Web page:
Confirming earlier news reports that he would do so, today Sgt. Bowe Bergdahl pleaded guilty to charges of desertion and misbehavior in the presence of the enemy per a breaking story by CNN News. As many already know, Bergdahl was released in a prisoner swap under the Obama administration in exchange for five Taliban prisoners being held at Guantanamo.
In a story by NBC last week, questions about Bergdahl’s actions arose shortly after his return from Afghanistan. While one might think that desertion would be the most serious charge he faced, the charge of misbehavior in the presence of the enemy can carry a term of life imprisonment. For desertion, he could fact up to five years in prison.
Why did Bergdahl face this charge? Because several members of his unit were injured while searching for him, even though he had willingly deserted his post. And Bergdahl knew he was endangering the lives of his fellow soldiers when he left without any explanation. He knew they would come looking for their lost comrade, and that some of them could be injured or killed. In fact, a Navy Seal and Army National Guard sergeant were wounded in separate firefights during their search for him.
Many people criticized President Obama for making this prisoner swap, especially after reports surfaced of Sgt. Bergdahl’s misbehavior. But in one sense it was a good thing. Bergdahl, instead of being considered a captured hero, is now revealed in his true, despicable colors for all the world to see.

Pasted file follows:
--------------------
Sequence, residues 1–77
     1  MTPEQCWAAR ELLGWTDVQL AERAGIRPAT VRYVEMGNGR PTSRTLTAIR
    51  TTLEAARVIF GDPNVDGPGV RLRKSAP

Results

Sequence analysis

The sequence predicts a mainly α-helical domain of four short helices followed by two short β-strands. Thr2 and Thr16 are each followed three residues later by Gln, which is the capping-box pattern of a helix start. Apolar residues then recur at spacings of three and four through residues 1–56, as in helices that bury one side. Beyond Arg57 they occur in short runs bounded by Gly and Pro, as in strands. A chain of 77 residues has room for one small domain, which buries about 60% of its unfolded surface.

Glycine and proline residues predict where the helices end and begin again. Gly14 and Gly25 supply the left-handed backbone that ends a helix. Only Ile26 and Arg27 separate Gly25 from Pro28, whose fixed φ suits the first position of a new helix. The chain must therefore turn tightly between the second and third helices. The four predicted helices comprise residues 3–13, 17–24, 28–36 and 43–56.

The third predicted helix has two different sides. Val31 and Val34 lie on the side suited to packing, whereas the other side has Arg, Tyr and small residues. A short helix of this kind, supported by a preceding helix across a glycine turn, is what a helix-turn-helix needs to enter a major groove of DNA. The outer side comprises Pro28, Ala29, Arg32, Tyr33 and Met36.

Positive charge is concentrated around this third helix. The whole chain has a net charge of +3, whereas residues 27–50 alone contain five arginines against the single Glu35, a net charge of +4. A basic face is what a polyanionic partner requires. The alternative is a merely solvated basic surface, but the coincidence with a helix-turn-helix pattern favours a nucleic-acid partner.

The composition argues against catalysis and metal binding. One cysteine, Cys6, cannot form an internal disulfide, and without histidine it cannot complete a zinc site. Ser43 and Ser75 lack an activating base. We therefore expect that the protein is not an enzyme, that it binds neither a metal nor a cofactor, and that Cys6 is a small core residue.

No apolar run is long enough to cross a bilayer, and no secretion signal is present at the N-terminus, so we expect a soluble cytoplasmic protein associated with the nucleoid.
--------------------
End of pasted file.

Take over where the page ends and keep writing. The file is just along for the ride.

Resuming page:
At first Bergdahl’s attorneys tried to claim that he could not receive a fair trial due to comments made about him by Donald Trump. But Bergdahl face a military court, not a civilian one. This argument was denied by a judge in February who ruled that while Trump’s comments on the campaign trail were “disturbing and disappointing” they did not constitute undue influence by the future Commander-in-Chief.
There has been speculation that Bergdahl pleaded guilty to the charges in hopes of receiving a lighter sentence. Instead, he should be thankful that desertion in the face of the enemy does not automatically carry a death sentence in front of a firing squad.
Bergdahl deserves justice. He also deserves the same mercy and compassion he showed for his fellow soldiers who risked their own lives to try to rescue him. Which would be – none. When his sentence is handed down, he should receive the harshest one possible. For the sake of the men and women who have sacrificed their lives in the service of our country.